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Review: Fruit, Veggie Intake Tied to Lower Stroke Risk

Meta-analysis of 20 studies showed inverse link between fruits and vegetables, risk of stroke

Review: Fruit, Veggie Intake Tied to Lower Stroke Risk

MONDAY, May 12, 2014 (HealthDay News) -- Consumption of fruits and vegetables is inversely associated with the risk of stroke, according to a meta-analysis published online May 8 in Stroke.

Dan Hu, M.D., from Qingdao Municipal Hospital in China, and colleagues conducted a literature review to identify prospective cohort studies assessing the correlation between fruit and vegetable consumption and the risk of stroke.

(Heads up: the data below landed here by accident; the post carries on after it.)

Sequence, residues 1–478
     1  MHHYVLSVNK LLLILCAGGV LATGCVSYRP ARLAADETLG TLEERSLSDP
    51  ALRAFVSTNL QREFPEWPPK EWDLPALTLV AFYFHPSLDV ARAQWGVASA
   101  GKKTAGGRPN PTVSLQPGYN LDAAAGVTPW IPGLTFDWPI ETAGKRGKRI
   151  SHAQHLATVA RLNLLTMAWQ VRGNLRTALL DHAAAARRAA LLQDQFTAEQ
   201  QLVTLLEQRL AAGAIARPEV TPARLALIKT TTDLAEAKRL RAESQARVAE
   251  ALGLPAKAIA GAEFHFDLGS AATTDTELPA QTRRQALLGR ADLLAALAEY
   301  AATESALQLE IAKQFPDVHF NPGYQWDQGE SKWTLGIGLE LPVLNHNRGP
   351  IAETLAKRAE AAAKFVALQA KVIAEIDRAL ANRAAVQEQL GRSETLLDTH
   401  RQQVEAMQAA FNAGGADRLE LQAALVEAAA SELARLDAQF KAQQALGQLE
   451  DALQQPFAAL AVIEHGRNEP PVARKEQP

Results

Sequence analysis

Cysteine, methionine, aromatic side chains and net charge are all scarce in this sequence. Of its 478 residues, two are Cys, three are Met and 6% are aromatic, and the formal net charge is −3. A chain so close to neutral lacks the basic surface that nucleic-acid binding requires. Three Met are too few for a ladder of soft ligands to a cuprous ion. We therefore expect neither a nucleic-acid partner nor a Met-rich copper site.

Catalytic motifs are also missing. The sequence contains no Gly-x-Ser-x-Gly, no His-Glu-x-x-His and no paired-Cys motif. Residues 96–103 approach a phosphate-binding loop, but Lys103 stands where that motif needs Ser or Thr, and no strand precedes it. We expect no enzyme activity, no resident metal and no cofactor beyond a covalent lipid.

Based on 20 studies involving 16,981 stroke events among 760,629 participants, the researchers found that the multivariable relative risk of stroke was 0.79 for the highest versus lowest category of total fruit and vegetable consumption. For fruit consumption and vegetable consumption, the relative risks were 0.77 and 0.86, respectively. These inverse associations were consistent in subgroup analyses. Citrus fruits, apples/pears, and leafy vegetables were suggested to contribute to the protective effect. For every 200 g per day increment in fruit consumption (P for nonlinearity = 0.77) and vegetable consumption (P for nonlinearity = 0.62), the risk of stroke decreased by 32 and 11 percent, respectively.

"In summary, results from this meta-analysis support the hypothesis that consumption of vegetables and fruits could reduce the risk of stroke," the authors write.

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